Australia news October 14, 2015

Former tennis star Ashleigh Barty signs for WBBL

ESPNcricinfo staff

Ashleigh Barty made her name in tennis but has now switched to cricket © Queensland Cricket

Former tennis star Ashleigh Barty has turned her hand to cricket, signing with the Brisbane Heat for the inaugural Women's Big Bash League season this summer. Barty, 19, reached the doubles finals at Wimbledon, the US Open and Australian Open with partner Casey Dellacqua in 2013 and has competed in the singles at all four grand slams, but walked away from tennis last year.

Barty approached Queensland Cricket earlier this year to enquire about making a switch to cricket and she has since then joined Western Suburbs in the Brisbane Women's Premier Cricket competition. Last weekend she top scored in her first T20 game with 63 not out from 60 balls, as well as taking 2 for 13 from four overs.

Barty has been training alongside the Queensland Fire squad since July, having become interested in a switch to cricket when she addressed the Southern Stars team as part of their winter training programme earlier this year. She said she was drawn to cricket as a team sport as compared to tennis.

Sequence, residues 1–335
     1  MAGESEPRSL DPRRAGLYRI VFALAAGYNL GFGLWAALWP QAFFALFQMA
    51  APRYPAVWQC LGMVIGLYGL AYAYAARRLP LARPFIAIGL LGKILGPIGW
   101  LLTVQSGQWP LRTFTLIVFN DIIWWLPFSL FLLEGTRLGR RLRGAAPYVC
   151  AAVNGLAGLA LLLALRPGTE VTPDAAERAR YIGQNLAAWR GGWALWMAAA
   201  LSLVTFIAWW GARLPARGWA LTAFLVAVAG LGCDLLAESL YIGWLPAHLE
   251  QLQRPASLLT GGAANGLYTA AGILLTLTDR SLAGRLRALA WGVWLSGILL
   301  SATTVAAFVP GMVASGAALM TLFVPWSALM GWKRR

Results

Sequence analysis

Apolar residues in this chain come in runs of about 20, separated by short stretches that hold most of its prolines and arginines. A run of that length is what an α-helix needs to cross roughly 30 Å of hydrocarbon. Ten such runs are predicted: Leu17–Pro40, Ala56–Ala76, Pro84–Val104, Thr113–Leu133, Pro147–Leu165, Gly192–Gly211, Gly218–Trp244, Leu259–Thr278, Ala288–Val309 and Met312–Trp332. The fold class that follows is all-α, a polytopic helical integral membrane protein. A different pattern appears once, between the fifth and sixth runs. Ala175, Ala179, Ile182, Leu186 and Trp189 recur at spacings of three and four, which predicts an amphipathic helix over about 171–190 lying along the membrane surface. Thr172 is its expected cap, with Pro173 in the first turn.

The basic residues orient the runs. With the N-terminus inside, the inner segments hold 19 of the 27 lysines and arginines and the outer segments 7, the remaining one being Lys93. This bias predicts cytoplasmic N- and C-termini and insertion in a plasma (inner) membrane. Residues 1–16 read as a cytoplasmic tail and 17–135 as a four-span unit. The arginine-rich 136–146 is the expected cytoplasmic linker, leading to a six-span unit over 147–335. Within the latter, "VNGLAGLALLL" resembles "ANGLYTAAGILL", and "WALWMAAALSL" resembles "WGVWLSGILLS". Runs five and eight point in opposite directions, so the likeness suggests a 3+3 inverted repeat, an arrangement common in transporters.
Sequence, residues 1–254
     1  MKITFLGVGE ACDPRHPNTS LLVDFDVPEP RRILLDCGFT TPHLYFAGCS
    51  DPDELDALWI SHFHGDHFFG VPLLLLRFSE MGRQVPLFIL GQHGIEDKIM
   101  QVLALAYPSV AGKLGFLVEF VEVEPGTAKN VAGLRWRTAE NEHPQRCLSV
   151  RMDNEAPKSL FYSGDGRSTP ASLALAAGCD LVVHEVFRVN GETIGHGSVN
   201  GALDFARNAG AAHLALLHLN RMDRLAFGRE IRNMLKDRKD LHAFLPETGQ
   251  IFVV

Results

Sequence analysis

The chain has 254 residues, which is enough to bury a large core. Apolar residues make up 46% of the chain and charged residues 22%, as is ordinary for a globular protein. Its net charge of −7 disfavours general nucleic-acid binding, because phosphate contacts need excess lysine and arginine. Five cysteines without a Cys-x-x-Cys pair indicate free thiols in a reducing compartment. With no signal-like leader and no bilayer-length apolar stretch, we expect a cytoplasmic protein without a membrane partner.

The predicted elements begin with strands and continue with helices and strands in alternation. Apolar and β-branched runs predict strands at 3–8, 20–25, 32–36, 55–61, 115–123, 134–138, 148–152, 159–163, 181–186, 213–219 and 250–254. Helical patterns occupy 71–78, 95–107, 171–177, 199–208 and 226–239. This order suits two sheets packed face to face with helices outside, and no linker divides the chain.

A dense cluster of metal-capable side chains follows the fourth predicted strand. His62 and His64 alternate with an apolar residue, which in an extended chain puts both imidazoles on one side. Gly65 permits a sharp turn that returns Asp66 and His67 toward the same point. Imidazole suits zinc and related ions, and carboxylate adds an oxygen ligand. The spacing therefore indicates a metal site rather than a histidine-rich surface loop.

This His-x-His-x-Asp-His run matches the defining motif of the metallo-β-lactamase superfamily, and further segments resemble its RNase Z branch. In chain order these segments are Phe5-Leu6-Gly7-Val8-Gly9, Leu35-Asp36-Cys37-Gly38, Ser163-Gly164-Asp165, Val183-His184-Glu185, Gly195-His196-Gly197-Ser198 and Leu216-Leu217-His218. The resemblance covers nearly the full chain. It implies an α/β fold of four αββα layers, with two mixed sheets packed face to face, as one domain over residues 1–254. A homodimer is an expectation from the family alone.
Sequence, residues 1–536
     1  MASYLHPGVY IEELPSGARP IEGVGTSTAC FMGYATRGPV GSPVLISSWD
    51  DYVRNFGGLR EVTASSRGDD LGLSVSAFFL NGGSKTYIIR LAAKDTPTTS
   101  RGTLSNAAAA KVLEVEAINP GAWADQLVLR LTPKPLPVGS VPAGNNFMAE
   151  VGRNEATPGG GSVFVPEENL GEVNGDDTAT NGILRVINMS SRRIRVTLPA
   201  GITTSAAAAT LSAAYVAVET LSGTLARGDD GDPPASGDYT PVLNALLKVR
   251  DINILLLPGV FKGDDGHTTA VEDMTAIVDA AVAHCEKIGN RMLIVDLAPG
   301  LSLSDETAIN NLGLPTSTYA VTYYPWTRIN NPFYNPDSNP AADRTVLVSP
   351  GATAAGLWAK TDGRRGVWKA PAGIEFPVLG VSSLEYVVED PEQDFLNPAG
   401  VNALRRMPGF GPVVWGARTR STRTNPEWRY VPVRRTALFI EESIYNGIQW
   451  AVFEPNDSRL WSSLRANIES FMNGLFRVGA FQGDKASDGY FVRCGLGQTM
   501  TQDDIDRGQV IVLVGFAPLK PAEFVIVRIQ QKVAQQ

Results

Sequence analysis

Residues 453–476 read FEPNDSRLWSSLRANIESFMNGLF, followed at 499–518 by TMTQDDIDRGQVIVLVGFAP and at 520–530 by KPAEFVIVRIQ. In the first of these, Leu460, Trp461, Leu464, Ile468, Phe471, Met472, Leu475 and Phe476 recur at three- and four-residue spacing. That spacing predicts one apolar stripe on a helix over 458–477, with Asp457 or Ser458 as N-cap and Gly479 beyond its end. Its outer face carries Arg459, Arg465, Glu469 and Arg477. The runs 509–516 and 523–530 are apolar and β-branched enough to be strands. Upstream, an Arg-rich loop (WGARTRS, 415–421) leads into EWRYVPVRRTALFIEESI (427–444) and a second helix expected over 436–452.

"It is tough when you're by yourself and I think that's why team sport is so appealing," Barty told reporters in Brisbane on Wednesday. "I'm still connected very much to tennis and everything it has to offer. It's been a part of me since I was four years old and is never going to leave me.

"There's never a lonesome moment on the [cricket] field if you're struggling. There's 10 other girls that can help you out and get you through the tough times."

Queensland Fire coach Andy Richards was impressed by the "transferable skills" Barty brought to cricket from her tennis background, and predicted she could be a future Australia representative if she pursued cricket seriously.

"Her skill from the first time she picked up a bat was outstanding from a coach's perspective," Richards said. "She never missed a ball in her first session. She's probably hit more balls than most of our cricket players coming through.

"It might not have been a cricket ball, but it's a ball at 120kph plus an hour. That's what attracted me as a coach to her as a player, her ability to pick up things really quickly."

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